Sign in to follow this  
Frantz

Is it possible to ID Ford T assembly plant?

Recommended Posts

Is there a way to identify where a model T was put together? A quick google search turned up nothing of value, I didn't know if anyone here was familiar with numbers or quirks that could identify where it was put together. I don't have one, but I'd like to hunt for one, and would prefer a Pennsylvania built one if it's possible to know. If not, is there data supporting what regions were served by specific plants? Were they exclusive, or could a dealer/agent have cars from multiple plants any given year?

Share this post


Link to post
Share on other sites

The simple answer for most model T Fords, is "no". There are exceptions. 

The earliest model T Fords were all built at the Piquette Avenue plant. This, unless they were Canadian builds, in which case they would have been built in Walkerville (I hope I spelled that correctly?). Even some NRS and one K model were built by Ford of Canada.

I am not sure when the first USA branch assembly plant was in operation. That would be a good question on the MTFCA forum. There was a temporary site at the World's Fair (Panama-Pacific Exposition) in San Francisco which ran for about half of 1915. Some cars from there are known. I think a few branch plants were running before that, and Ford added more as the years went on.

SOME "improved model Ts (1926 and '27 models) do have a mark stamped somewhere on the body that can identify which assembly plant put it together. I only know this because the subject has been discussed in the past on the MTFCA forum, and I have read it there, and even seen a couple photos showing the stamping. I have never really worked on an "improved" model T, and therefore am not an authority on their details. As I recall, the mark is usually only one or two letters (I think it may have been mentioned that "KC" was for Kansas City). I don't offhand recall more than a few specifics being mentioned. Also, as I recall, the location varied (making it really fun to find). I recall that some were stamped somewhere on the firewall, others inside the driver's door jamb. Many were apparently not stamped in this manor at all.

For the rest of them, more than fifteen years of production, it mostly becomes speculation. If you know the car''s history, back at least to nearly new, You can speculate that it may have been assembled near where it began its working life. I do not have a copy of it,  but have seen a few USA maps for different years showing the location of all Ford's branch assembly plants. It could probably be found on the internet, but Mr Google and I do not get along very well.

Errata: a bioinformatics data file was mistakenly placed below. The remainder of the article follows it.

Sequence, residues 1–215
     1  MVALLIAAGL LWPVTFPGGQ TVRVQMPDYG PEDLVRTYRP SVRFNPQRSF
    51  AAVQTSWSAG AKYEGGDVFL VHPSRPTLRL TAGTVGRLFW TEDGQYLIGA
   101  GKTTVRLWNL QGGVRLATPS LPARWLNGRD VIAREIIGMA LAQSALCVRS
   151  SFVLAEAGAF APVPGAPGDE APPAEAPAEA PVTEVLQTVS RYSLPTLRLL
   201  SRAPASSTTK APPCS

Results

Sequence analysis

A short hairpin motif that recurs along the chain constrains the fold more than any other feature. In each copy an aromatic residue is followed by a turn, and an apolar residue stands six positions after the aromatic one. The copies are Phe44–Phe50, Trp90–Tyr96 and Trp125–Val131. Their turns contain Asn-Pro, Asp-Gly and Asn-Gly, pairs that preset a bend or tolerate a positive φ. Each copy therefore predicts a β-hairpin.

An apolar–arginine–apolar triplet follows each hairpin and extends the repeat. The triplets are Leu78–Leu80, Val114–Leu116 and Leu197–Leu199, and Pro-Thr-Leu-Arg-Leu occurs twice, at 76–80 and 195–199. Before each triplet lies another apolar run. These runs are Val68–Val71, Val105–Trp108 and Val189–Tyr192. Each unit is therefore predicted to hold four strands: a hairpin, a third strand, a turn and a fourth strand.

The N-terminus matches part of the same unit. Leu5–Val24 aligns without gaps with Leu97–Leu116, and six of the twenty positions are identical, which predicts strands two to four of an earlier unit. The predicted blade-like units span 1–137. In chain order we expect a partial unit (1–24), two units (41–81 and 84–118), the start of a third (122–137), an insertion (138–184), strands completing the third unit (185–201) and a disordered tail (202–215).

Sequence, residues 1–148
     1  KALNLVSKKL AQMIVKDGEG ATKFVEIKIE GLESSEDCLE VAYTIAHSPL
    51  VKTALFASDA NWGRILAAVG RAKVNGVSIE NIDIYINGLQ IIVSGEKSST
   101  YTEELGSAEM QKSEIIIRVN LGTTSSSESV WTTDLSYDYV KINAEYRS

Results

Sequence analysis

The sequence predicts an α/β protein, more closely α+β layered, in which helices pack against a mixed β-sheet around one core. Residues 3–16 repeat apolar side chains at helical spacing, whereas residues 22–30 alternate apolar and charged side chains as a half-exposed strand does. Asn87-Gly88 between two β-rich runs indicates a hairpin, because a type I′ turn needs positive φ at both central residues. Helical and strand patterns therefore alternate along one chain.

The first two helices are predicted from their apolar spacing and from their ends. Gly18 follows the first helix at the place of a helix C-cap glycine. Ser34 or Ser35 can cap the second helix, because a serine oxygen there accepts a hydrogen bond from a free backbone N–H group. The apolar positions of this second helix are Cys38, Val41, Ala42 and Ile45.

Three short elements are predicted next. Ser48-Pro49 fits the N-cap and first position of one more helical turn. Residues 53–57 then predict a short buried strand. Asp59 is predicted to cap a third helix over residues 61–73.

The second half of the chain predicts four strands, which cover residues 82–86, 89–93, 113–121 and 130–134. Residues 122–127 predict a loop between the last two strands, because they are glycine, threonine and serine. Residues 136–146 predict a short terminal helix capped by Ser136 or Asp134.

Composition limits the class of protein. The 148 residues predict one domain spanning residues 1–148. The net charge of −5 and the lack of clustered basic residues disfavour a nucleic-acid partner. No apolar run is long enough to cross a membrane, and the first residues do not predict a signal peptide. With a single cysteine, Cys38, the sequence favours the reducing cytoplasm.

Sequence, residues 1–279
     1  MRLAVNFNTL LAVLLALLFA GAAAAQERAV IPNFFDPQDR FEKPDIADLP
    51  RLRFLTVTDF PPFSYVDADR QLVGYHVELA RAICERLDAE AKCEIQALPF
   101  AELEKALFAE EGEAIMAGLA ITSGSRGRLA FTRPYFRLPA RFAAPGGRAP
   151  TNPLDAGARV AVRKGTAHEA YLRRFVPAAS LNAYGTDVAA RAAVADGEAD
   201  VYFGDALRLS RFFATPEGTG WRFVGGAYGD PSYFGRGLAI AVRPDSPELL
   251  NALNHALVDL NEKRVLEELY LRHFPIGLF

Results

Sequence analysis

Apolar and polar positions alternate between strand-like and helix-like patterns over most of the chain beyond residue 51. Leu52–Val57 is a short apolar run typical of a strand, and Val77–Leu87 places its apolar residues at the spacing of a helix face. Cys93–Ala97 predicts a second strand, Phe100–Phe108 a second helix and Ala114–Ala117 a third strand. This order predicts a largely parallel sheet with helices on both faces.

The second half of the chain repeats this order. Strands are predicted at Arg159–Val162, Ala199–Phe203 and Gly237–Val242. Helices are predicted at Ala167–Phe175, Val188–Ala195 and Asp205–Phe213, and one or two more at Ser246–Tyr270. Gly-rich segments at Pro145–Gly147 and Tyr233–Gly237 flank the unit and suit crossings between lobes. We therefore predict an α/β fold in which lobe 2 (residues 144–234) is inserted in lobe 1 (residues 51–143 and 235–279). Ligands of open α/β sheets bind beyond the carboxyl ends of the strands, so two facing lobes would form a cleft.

In rare cases, having the original sales or delivery documents may (or may not) reveal where it was assembled. But since that applies to maybe one model T in a couple hundred? That isn't much help.

 

A couple years ago, a few people tried to get a good conversation on this subject going on the MTFCA forum. But it didn't get very far. There doesn't seem to be a lot of information readily available.

  • Like 2

Share this post


Link to post
Share on other sites

There are some differences between Canadian and American Model Ts. One is, Canadian Ts had 2 front doors when American models had only one. This was to make it easy to produce right hand or left hand drive models with the same body. Another difference was, Canadian cars used a lot of Robertson (square drive) screws. Robertson screws were a Canadian invention that saved 2 hours per car on the assembly line but for some reason were not used outside Canada.

 

There were other differences often connected to locally made parts being slightly different to their American counterparts.

 

Many Ts were shipped as a pile of parts and assembled by the local dealer. The 'assembly line' might be 50 feet long and located in an old barn as all they did was bolt the parts together.

Edited by Rusty_OToole (see edit history)
  • Like 1

Share this post


Link to post
Share on other sites